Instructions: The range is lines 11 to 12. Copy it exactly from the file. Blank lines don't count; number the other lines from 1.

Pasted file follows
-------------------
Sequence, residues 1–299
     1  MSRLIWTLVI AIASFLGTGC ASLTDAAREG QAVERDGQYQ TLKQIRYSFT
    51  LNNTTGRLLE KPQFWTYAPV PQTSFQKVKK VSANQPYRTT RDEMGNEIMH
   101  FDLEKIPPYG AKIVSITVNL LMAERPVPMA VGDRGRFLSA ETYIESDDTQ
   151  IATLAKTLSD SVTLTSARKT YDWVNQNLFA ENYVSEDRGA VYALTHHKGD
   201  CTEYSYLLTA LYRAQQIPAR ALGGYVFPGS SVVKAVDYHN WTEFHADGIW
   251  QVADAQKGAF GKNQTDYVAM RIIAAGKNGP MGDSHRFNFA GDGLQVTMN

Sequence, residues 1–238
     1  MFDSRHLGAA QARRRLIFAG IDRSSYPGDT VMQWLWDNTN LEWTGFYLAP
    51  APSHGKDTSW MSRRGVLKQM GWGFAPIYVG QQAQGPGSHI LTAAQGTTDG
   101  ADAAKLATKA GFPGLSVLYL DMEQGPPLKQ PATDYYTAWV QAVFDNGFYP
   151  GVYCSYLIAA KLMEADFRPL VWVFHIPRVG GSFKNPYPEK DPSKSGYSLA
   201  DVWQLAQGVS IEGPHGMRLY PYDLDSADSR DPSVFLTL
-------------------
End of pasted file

   101  ADAAKLATKA GFPGLSVLYL DMEQGPPLKQ PATDYYTAWV QAVFDNGFYP
   151  GVYCSYLIAA KLMEADFRPL VWVFHIPRVG GSFKNPYPEK DPSKSGYSLA